Paul Pierce may have reigned supreme, for one game anyway, but the underlying theme throughout game one in Toronto was the unassertive play of John Wall and Bradley Beal.
For the latter, it was expected. Beal's shortcomings are well documented — from his penchant to fire from midrange to his inability to effectively puncture a set defense — but against an aggressive scheme like the one he'll see in this series, those defects increase tenfold.
We pick up this possession late in the fourth with Washington needing a score to push the lead to a two-possession game (Greivis Vasquez would end up tying it seconds later). The play calls for Marcin Gortat to set a slip-screen at the top of the key in order to draw his man onto John Wall. As soon as his defender commits, he'll dart straight to the corner to spring Bradley Beal.
This is one way of simplifying Beal's reads. The Wizards made a conscious effort of having Beal curl towards the middle of the floor off a down-screen, and presenting him with three options. 1) Get into the lane if his man is trailing, 2) rise up for a jumper if his man gets screened off, or 3) deliver a pocket pass to the screener rolling to the rim. It may have seemed like overkill with the amount of times he tried and failed, but you can't blame the coaching staff.
For a team deploying Pierce at the 4, this is awful spacing to begin with. DeRozan doesn't even need to reposition himself to zone up the weak-side because Otto never makes it into the corner. Eventually he'll makes a basket cut, but it comes only after Beal begins his drive, and by then, there's no shot of Bradley delivering that pass. Had his cut come sooner, not only does he make himself available, but it forces DeRozan to make a decision. Does he protect against the cut, or stay home on Pierce?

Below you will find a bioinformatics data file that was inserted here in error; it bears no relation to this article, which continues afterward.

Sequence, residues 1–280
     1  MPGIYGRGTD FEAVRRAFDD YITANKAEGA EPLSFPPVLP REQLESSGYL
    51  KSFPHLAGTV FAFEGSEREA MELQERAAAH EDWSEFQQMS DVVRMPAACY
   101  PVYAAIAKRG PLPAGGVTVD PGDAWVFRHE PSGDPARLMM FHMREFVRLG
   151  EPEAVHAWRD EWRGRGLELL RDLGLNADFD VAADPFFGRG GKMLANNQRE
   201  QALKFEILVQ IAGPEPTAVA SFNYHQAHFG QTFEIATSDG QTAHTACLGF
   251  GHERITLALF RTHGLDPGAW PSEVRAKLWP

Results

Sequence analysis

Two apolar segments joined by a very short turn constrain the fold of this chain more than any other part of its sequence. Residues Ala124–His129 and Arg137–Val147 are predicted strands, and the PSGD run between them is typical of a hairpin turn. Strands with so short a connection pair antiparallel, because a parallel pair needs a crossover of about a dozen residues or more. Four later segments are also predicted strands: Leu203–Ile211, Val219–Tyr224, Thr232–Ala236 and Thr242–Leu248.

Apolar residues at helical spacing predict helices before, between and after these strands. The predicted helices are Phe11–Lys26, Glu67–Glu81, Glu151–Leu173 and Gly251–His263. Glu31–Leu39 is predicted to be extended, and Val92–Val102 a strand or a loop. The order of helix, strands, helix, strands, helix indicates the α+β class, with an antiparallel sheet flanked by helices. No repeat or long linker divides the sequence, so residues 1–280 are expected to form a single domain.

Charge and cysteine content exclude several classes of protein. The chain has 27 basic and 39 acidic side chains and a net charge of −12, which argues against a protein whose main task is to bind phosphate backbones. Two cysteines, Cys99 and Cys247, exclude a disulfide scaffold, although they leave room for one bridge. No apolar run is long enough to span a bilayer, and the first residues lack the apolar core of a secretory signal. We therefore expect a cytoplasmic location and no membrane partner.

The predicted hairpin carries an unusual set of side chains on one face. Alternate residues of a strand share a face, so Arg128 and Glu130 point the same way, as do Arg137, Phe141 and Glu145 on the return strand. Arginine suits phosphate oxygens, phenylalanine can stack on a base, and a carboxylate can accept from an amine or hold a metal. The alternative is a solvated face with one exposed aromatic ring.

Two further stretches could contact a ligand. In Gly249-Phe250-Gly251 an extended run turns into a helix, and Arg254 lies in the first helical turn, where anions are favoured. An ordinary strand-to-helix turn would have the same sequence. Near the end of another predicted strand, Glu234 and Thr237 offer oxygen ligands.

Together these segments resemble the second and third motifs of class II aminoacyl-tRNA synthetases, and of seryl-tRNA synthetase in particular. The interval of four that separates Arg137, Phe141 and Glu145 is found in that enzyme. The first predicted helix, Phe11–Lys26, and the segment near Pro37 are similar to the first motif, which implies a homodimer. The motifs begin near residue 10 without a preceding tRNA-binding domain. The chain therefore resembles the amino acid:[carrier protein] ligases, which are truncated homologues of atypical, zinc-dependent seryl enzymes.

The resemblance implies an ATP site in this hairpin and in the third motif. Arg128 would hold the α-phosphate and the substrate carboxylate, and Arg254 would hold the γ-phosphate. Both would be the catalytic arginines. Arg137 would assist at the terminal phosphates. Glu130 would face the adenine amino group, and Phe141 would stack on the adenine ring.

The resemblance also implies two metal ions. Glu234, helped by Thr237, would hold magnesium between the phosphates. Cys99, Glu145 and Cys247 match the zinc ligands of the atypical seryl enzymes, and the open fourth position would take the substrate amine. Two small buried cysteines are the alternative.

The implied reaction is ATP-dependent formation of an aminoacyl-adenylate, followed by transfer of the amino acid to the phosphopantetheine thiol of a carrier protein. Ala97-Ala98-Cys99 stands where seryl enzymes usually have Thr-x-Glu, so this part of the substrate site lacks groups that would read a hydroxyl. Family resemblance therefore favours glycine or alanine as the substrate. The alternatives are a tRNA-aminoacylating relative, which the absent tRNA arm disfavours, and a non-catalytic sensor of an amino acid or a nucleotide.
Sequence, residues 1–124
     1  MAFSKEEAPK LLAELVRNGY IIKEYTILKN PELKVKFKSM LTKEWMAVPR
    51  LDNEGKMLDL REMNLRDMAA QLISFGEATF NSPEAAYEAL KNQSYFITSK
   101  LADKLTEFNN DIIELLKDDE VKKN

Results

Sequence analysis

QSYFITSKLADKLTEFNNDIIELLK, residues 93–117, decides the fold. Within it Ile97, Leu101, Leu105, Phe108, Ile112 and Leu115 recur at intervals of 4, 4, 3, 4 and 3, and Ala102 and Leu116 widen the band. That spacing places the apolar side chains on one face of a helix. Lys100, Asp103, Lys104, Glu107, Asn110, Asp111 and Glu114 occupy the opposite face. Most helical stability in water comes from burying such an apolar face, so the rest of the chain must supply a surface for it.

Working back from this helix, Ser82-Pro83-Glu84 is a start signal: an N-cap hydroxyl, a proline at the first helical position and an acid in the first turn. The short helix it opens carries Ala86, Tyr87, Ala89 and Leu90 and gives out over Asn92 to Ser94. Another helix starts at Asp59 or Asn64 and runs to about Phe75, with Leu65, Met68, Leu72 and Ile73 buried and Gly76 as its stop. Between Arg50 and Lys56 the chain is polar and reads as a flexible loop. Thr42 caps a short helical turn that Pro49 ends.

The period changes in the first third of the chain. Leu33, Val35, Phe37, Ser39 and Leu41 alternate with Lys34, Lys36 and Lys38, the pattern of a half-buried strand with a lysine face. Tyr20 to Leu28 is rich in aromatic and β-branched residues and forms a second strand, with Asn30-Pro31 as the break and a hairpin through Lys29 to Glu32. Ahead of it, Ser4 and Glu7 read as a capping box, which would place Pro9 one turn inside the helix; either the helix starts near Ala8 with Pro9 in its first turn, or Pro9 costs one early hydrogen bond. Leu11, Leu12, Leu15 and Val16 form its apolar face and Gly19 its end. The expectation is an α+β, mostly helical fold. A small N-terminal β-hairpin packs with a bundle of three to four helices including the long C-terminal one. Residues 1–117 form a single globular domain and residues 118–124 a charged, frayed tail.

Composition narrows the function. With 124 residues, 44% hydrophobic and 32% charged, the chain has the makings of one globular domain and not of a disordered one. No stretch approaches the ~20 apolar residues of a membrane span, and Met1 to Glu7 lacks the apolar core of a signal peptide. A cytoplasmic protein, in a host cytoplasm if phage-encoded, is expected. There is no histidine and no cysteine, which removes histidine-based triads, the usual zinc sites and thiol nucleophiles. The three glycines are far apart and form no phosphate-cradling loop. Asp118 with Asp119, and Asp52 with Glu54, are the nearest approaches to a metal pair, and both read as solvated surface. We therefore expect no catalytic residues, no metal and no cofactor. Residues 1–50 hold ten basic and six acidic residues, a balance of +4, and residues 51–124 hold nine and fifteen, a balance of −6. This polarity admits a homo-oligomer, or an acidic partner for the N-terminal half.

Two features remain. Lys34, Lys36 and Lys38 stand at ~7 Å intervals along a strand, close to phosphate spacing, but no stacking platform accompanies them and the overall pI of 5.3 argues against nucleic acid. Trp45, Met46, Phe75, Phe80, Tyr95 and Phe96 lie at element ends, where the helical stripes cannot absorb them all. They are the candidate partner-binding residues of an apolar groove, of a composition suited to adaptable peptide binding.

Turns out it doesn't matter. DeRozan still digs down into the paint, and Pierce is left open. Again, had Otto's cut come sooner, it's more likely that Beal finds Pierce well before he picks up his dribble, but this is still a pass he should've made.
Here's the full sequence:
Beal simply had no feel for the defense yesterday. There were far too many instances where he didn't leverage Toronto's traps against them. Good ball handlers are decisive; they get the ball to their safety valve the moment they spring free off the screen. From there the big man can create a 3-on-2 situation along the backline of the defense; a weakness that has undoubtedly led to Toronto's free-fall.
The elephant in the room is Kevin Seraphin. Yes, he was productive in his outing, but why bring him back into the rotation now after it looked like you had settled into a playoff rotation last week? There's no excusing Beal for holding onto the ball when the correct play was right there in front of him, but would he make the same mistake if Nene is out there instead? Against a defense that is constantly rotating, you need multiple passers on the floor. The Wizards went long stretches into the second and third quarter with four bench players on the floor at once, only one of whom (Ramon Sessions) is capable of making smart decisions.
But back to the play. It's rare to see Valanciunas that far out on Beal. He's not very fleet of foot, and much like Amir Johnson now is (thanks to recurring ankle problems), has been asked to hang back in the lane in order to protect the rim. But he jumps out anyway, and it'll be interesting to see if the Raps continue to ratchet up the pressure when Beal is asked to create.
What follows is more of the same. Valanciunas will release as soon as Beal dribbles backward away from the trap, but gets drawn back onto Bradley seconds later, opening up a 19-footer from Seraphin that clanks off the side of the rim. Another opportunity to create a corner three squandered in favor of a mildly contested midrange jumper.
It isn't as if the Wizards were completely stymied by the defense though. Beal missed three 3-pointers without a defender within 6 feet of him, two of which came from the corners. Same can go for Wall too, who missed a few easy looks himself. And when they made quick decisions, they made Toronto pay.
Watch Wall quickly swing it back to Pierce on this 1-4 pick and pop:
And how Gortat creates an open jumper (that should've been a corner 3) with a short roll into the lane:
Toronto will make adjustments based on Saturday's game, but so will Washington, and the Wizards have the benefit of homecourt advantage now.